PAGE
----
The short answer to this question is… maybe.
Research studies are split between whether or not computer use contributes to carpal tunnel syndrome (CTS). What we do know is that many factors are associated with CTS besides computer use. In the work setting, there is good evidence that high-demand repetitive use or vibration activities are risk factors for CTS. Other conditions include obesity, diabetes, thyroid disorders, rheumatoid arthritis, and pregnancy. Usually a patient will have many risk factors for carpal tunnel syndrome and therefore it is difficult to pinpoint one primary factor.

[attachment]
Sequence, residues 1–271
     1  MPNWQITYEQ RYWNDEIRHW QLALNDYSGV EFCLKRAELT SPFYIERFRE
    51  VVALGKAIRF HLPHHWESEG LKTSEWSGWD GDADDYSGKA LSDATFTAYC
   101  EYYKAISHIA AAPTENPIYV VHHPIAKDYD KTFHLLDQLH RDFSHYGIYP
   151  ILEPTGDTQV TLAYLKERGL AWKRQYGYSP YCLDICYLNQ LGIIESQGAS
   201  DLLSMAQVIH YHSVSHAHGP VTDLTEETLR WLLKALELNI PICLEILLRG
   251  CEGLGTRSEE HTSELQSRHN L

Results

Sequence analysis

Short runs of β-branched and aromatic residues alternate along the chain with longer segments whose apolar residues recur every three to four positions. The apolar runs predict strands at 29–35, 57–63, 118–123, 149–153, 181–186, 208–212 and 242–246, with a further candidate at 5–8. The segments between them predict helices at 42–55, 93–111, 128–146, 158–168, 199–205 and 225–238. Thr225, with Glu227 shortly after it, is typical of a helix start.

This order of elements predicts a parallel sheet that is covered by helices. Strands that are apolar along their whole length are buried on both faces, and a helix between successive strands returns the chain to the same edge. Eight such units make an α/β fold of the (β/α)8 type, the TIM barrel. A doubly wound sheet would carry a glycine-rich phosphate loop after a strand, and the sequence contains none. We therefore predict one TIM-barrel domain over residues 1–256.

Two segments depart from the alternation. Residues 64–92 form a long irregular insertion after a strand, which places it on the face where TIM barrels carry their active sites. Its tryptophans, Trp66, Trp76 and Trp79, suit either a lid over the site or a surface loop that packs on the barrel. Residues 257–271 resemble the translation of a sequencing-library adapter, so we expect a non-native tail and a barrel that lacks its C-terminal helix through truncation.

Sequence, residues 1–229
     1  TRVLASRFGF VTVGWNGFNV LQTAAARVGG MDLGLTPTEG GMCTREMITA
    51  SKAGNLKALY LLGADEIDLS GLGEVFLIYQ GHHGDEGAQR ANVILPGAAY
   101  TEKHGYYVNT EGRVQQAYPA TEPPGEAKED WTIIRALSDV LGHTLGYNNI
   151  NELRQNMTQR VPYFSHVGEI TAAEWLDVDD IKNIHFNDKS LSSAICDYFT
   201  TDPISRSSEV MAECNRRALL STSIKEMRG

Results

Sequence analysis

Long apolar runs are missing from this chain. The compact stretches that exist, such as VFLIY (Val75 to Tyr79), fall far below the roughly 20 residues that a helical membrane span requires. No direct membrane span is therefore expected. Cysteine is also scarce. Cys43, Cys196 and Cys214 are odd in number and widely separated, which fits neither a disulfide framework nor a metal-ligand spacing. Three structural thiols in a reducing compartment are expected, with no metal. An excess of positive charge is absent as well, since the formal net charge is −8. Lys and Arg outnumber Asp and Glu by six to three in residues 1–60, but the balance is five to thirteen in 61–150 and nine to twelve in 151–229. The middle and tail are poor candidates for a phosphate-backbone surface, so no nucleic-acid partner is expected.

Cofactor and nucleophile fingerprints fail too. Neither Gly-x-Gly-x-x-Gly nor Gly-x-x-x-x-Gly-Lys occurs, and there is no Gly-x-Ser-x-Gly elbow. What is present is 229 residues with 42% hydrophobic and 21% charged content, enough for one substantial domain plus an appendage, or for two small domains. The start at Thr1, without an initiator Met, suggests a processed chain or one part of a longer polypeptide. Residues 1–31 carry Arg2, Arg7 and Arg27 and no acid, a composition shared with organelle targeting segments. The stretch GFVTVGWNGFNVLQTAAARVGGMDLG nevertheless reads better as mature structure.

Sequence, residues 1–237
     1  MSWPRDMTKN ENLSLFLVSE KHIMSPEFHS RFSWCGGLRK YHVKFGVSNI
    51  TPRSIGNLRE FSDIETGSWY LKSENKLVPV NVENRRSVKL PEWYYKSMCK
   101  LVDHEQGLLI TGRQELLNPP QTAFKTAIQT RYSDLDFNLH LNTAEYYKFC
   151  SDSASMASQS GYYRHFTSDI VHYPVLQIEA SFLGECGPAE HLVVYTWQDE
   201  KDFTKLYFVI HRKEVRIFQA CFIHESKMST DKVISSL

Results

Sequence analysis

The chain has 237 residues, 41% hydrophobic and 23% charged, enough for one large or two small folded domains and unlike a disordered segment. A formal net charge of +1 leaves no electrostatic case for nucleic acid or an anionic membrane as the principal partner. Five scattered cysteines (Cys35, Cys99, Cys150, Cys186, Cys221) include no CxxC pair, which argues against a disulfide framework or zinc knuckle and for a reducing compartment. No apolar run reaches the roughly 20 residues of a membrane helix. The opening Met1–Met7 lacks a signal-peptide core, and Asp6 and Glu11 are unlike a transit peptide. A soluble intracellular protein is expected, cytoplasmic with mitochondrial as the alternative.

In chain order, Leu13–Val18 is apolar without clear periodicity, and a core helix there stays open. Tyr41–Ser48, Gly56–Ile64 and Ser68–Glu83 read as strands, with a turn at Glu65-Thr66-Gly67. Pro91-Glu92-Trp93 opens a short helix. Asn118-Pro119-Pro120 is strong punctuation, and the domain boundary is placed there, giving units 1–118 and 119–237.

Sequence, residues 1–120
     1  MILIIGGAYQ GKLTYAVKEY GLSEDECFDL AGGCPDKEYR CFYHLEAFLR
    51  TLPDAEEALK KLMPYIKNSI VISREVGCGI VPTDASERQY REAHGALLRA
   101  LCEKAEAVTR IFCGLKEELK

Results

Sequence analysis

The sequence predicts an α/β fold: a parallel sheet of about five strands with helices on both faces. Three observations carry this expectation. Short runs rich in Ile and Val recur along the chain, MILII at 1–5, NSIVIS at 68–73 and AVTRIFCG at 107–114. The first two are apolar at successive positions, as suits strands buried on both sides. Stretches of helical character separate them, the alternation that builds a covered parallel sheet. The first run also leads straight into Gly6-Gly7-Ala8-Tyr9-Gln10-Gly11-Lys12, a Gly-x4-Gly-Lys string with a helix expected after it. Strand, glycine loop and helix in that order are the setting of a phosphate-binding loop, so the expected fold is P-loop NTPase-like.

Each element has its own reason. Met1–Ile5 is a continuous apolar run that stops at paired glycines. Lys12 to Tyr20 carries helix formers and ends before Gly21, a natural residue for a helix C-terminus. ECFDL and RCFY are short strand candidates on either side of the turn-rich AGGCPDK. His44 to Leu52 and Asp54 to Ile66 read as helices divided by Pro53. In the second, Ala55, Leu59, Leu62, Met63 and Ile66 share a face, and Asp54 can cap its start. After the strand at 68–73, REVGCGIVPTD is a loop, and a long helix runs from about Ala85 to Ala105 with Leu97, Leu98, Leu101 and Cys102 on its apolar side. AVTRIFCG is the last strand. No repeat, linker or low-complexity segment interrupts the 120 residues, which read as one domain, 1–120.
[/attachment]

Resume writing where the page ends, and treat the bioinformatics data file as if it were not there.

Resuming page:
Regardless, there are healthy ergonomic habits that can be employed at the office desk that may help improve carpal tunnel symptoms. Keeping the wrists from hyperextending can relieve pressure on the nerve and tendons of the hand. Gel pads at the base of the keyboard or mouse pad to support the wrist are helpful for this. Taking short breaks from sustained computer can be helpful as well.
If you are concerned that you may have carpal tunnel syndrome, please contact our office today at 832-232-HAND (4263) to see how we can help.